So Cache is a part of Offset rather than separate, IIRC.

The game allocates an instance per mix file and then reads the head and uses a generic linker node/list system to store all the files referenced in the header.

When searching for files (Finder->List) it does a loop through the loaded node lists and then compares the filename CRC with the CRC generated by the Finder function. if it matches, then return that file pointer.

MixFileClass is not really a traditional file class, but more of a "how-to" alternative for CCFileClass to find stuff

RawFileClass is the base of all files classes (that works), it handles all file handling and when used itself only handles raw data/data in the game folder or operating system file structure.

CCFileClass is based on RawFileClass and also searchs mix files. as above

CDFileClass is based on CCFileClass and adds handling for the CD switching and CD path searching. -CD logic you see in the previous games uses this and allows the game to search a for files in a list of paths, -CD accepts multipule entrys (-CDpath;gdi,nod;test)

BufferIOFileClass does what the name says, used along with CCFileClass as it buffers MixFile stuff for fast retrieve

RAMFileClass creates the file (from raw/hardcoded data mostly) in the RAM/memory, very useful (see the Init_Keys() logic)

MixFileClass is for handling opened mix files

You use RawFileClass to load a mix file from the directory, or CCFileClass to load a mix file within a mix file or from the directory (as CCFileClass is based on RawFileClass)

So all in all, its best to always use CCFileClass, as the game will find your file no matter where it is.

 

Nyerguds:

What is the difference in loading between files you can and can't load from game folder? Like, .aud music and .vqa files work from the game folder, but .SHPs don't. What is it using for these shp files then?

 

CCHyper:

That's actually a interesting thing, as I fixed the code in TS to load VQA's from the raw directory, as the game referenced a pre loaded file, rather than a raw file. Might be the case in C&C, RA too.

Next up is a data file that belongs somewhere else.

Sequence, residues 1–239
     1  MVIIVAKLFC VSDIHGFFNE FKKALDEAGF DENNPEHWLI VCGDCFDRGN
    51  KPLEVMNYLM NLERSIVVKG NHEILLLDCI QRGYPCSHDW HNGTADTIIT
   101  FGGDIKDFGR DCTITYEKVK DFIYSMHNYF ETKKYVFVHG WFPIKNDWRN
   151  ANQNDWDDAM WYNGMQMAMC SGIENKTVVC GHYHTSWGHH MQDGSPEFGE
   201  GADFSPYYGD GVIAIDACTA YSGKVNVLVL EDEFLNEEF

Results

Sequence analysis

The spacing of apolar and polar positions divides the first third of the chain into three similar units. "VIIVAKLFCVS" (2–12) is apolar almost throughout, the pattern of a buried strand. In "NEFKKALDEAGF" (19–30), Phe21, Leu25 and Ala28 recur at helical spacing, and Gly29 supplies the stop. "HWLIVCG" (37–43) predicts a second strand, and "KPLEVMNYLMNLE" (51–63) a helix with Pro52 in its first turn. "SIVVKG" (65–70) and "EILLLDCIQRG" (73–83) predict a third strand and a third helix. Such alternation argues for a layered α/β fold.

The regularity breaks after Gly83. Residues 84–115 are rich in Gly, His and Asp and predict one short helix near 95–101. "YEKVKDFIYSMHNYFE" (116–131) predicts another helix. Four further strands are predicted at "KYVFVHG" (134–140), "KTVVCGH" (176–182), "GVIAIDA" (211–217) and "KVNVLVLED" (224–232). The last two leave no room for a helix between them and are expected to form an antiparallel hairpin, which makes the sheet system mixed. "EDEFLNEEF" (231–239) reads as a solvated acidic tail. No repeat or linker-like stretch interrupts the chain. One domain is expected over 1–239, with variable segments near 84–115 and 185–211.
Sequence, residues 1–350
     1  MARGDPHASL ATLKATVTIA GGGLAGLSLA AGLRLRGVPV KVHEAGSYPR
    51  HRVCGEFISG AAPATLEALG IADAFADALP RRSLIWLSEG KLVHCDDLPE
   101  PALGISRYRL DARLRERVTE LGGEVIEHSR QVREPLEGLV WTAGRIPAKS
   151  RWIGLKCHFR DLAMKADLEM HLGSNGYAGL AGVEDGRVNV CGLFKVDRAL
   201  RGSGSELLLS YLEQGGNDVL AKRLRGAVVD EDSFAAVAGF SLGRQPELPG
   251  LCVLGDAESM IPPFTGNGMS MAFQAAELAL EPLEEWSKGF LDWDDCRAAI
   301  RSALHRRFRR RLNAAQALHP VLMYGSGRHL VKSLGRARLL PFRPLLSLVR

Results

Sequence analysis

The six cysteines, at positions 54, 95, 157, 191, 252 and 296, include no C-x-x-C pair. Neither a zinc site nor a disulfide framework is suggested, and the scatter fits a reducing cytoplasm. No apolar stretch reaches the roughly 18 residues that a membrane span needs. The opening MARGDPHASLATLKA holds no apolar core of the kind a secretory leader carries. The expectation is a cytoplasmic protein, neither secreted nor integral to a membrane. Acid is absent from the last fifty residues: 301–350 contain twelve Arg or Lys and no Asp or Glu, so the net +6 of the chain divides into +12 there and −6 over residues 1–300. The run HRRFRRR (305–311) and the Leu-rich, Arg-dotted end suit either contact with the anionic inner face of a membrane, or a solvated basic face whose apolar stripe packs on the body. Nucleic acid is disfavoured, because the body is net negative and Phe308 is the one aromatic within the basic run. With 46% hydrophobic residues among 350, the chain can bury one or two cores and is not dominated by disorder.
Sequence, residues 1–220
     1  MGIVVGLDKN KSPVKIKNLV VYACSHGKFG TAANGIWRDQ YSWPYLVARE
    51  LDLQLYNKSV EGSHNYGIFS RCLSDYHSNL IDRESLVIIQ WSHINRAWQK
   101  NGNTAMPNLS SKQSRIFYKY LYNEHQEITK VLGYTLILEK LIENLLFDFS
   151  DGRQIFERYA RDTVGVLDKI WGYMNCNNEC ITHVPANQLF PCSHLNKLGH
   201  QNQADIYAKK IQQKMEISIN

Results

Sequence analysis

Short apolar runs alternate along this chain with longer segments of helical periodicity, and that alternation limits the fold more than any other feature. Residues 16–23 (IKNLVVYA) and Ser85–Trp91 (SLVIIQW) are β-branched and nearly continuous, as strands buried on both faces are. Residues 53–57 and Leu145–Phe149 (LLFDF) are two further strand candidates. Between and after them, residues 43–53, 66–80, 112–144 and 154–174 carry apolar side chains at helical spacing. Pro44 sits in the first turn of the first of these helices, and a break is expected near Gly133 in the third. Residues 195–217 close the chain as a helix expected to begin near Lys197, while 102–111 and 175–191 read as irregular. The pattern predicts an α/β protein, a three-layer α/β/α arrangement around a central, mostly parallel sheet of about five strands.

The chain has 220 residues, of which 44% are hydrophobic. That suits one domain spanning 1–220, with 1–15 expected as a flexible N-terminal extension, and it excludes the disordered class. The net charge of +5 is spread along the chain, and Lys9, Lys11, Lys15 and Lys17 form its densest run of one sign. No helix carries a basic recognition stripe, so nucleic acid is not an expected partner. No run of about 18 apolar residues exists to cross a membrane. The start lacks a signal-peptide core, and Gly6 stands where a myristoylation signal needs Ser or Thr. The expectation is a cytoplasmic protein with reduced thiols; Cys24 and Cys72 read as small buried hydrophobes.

TS basic searched the mix files first for the VQA, and if it didnt find it, it return null, so the VQA File Handler parsed the file loaded from the mix files or the null pointer. I made it reload the file and check if its available from the raw directory first before using the preloaded instance.

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I'm surprised to hear that it uses a linked list when searching the header for a file present, when I discovered that the games all need the index sorted by file ID I had guessed that it would use binary search to determine if a file was present or not. I guess it just searches until it finds an ID higher than the one its looking for or reaches the end of the list before moving on to the next file. Once the game has loaded a mix, does it keep the file handle open to service all access to that file or does it just open it when its required? Or as before does it depend on what the mix contains?

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I could be wrong in some areas as I have only recently looked into the file structure of the C&C games.

 

The game just loops through the loaded file data (header information for each file) and matches the ID to the ID created from the input filename. I have not seen anything like a binary search...

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I'm just going by the empirical evidence I got from making a tool to create mix files. Until I added a sort to the index, XCC would read from the generated files fine, but the game would act like most of the assets in the mix were missing so I figured it must rely on the order to improve searching performance rather than data structures like map which is what my tool uses and I believe XCC does too.